SOME LIKE IT HOT: Spanish star Penélope Cruz turned her show invitation into a fan at Chanel’s haute couture show on Tuesday, her first as a brand ambassador for the house. (The news was revealed that morning.)
Held in the Grand Palais, the set recreated the banks of the Seine, including the Bouquinistes, the term for the open-air bookseller stands dotted along the walls. They were manned by Brad Kroenig and his sons, Jameson and Hudson, Karl Lagerfeld’s godson who, like his father, is a regular on the Chanel runways.
All that was missing was a breeze.
“It’s like a terrarium,” said Ellie Bamber, who had wrapped filming “Les Mis” the day before. (The six-part drama adaptation of Victor Hugo’s 19th-century classic also stars Dominic West and Lily Collins, with Bamber in the role of Cosette.)
“It was really challenging, it’s been amazing creating Cosette’s journey. I feel like there are so many new things that an audience is going to see that, if they’ve watched the musical, they might not know about,” she said. “The book is 1,500 pages long, Victor Hugo goes into so much detail, and [screenwriter] Andrew Davies has captured that so well.”
Coming “from that to this was just beautiful,” she continued, adding: “I sat in my room and had French onion soup last night — it’s something I do every time I come to Paris.”
Also taking in the show were “Black-ish” star Tracee Ellis Ross, French ballet dancer Dorothée Gilbert, Stella Tennant and Caroline de Maigret who, despite being a true Parisian, was equally as enchanted by the set. “I’m a tourist in my own city. One thing I always like to do is walk along the Seine, to catch the wind…. It resources me; the light is amazing. It’s actually real, we do have our clichés,” she said.
A bright-eyed Mackenzie Foy said watching the show “felt like sitting on a park bench watching everyone go by.”
The young actress said observing Academy Award-winning costume designer Jenny Beavan at work on her latest movie, Disney’s live-action “The Nutcracker and the Four Realms,” initiated her into the art of clothesmaking.
“It’s based on the book by Ernst Theodor Amadeus Hoffmann, but it does draw inspiration from the ballet, and costumes play a big part. Seeing the process of clothes being made, I have a better understanding of fashion,” she said.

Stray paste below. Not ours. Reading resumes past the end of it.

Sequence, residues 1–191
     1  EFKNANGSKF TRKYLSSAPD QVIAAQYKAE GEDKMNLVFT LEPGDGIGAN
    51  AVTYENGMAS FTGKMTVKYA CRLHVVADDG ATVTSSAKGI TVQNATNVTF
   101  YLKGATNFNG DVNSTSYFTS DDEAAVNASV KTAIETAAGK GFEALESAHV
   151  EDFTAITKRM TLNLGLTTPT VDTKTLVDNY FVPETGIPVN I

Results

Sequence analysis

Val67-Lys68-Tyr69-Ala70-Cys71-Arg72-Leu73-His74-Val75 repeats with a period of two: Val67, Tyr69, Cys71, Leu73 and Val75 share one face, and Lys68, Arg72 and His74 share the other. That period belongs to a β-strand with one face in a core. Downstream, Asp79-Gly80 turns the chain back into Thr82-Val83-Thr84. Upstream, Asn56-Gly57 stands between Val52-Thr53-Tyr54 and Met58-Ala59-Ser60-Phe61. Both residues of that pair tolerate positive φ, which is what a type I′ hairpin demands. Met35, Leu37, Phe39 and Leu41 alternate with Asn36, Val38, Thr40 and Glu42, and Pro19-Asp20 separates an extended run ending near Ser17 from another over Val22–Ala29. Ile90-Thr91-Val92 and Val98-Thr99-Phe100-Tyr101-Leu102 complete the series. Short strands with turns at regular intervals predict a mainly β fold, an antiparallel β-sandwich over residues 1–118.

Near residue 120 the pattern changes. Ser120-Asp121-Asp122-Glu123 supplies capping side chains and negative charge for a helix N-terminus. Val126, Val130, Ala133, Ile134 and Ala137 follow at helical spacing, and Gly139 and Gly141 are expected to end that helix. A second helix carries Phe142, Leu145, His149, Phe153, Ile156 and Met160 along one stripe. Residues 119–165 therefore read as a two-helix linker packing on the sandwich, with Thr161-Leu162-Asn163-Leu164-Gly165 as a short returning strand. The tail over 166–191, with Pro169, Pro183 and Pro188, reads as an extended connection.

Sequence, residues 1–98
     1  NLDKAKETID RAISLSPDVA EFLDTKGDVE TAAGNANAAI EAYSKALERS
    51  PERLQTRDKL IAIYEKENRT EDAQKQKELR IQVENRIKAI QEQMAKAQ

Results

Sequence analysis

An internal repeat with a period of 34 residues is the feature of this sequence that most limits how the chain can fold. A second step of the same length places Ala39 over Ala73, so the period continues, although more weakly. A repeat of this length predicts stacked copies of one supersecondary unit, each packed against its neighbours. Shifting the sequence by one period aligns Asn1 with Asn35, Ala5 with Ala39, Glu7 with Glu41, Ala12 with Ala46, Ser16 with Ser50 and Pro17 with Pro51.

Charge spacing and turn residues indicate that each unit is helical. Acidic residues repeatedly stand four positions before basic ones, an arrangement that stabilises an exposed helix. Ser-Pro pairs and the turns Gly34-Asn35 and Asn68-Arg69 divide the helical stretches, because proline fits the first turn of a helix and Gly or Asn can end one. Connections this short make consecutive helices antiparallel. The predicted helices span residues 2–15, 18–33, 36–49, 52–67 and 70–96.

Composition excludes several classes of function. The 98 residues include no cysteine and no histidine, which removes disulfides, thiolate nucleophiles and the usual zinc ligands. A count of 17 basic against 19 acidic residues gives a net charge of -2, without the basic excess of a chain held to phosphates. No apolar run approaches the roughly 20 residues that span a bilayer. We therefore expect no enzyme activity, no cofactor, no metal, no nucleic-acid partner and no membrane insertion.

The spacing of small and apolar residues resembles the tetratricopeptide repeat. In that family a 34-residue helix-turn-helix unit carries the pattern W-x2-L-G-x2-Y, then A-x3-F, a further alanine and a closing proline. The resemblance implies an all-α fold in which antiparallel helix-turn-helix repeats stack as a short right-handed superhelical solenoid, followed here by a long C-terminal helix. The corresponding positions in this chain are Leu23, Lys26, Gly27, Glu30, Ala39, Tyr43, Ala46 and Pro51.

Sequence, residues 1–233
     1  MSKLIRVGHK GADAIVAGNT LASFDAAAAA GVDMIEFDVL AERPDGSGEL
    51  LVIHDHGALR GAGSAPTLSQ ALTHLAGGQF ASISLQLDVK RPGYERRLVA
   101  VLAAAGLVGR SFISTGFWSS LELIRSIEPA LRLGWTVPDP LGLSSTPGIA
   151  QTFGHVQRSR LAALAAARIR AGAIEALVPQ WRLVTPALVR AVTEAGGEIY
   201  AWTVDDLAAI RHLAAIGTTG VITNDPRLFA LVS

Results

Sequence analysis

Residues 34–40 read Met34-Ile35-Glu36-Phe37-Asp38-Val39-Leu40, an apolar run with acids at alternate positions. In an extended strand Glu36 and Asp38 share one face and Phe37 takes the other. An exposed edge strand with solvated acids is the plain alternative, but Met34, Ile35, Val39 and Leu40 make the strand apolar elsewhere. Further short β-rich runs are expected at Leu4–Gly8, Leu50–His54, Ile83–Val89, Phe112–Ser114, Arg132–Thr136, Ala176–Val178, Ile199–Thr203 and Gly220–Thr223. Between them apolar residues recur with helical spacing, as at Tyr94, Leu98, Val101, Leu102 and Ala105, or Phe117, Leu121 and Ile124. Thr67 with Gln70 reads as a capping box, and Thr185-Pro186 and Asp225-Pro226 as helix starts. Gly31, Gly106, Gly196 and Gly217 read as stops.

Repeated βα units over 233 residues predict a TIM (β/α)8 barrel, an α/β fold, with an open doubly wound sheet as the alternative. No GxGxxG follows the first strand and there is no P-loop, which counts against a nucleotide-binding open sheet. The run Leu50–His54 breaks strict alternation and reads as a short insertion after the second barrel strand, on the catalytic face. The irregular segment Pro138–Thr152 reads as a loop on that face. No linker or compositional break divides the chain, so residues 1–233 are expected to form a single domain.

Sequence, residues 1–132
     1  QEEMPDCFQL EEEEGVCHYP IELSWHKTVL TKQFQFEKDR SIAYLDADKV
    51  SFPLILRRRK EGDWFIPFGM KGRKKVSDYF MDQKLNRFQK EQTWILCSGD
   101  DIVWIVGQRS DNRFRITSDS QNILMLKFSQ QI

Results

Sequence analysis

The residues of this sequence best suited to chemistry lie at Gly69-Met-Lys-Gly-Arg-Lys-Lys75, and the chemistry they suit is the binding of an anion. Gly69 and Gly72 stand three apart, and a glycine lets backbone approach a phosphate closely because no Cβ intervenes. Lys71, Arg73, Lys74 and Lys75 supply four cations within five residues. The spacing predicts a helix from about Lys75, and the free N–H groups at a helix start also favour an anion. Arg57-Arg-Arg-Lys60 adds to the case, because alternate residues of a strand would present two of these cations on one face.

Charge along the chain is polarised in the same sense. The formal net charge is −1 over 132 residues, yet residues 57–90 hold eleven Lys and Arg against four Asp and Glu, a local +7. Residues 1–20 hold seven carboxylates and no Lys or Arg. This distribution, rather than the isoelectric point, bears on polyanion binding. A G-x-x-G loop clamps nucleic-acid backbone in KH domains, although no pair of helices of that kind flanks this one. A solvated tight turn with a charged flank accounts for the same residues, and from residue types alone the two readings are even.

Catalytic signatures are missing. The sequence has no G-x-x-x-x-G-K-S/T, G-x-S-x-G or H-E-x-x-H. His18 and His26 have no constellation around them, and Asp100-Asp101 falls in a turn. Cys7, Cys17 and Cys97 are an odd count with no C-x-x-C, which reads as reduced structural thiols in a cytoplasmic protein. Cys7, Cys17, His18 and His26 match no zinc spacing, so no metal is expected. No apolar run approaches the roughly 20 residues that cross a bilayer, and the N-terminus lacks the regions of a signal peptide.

Pharrell Williams spoke for the first time about a Broadway musical he’s working on with Kenya Barris themed around Juneteenth, an American holiday commemorating the day on which slavery was officially abolished in the U.S.: June 19, 1865.
Though most states now officially recognize Juneteenth, it is still not an official national holiday, he explained.
“It’s a holiday that’s long overdue; it’s something that should be recognized. We just have a bad habit in my country of not really recognizing significant moments in history that deal with African-Americans and African diaspora, and we just want to tell that story,” he said, adding: “We’re working very hard on [the musical] already.”
The music producer is also working on a musical film titled “Atlantis,” based on the neighborhood where he grew up. “It’s not based on my life; it takes place in 1976. I was three years old at that time,” Williams said. “It’s just about the energy and the resilience and the majestic side of housing projects. When you’re young, you don’t really know the difference. All you know is it just feels magical, especially when there’s so much music around.”
Meanwhile, Cruz, backstage after the show, shared some words about when she first started getting into fashion.
“I’ve been a fan of fashion since I was 12 or 13. I’d get all the fashion magazines from my mum and would study them from beginning to end,” she said, recalling Lagerfeld’s start at Chanel in 1983. “I remember the fascination from the beginning….It is so interesting to see what they have created; they’ve created a fantasy that has very solid roots because he’s a genius,” said Cruz, pointing to the designer, who was greeting guests nearby.
“It’s not just the image and the fantasy; you look at every single thing he creates, he’s a true artist. There are only a few of them, on that level of creativity, and always reinventing themselves. I have so much admiration for him,” said the actress, who for her next film role will be playing Pedro Almodóvar’s mother when he was a child. “So it’s a pretty cool and interesting week for me,” added Cruz, wafting her invitation to try and stir up some air. “Going from Karl to Pedro back-to-back, it’s kind of amazing.”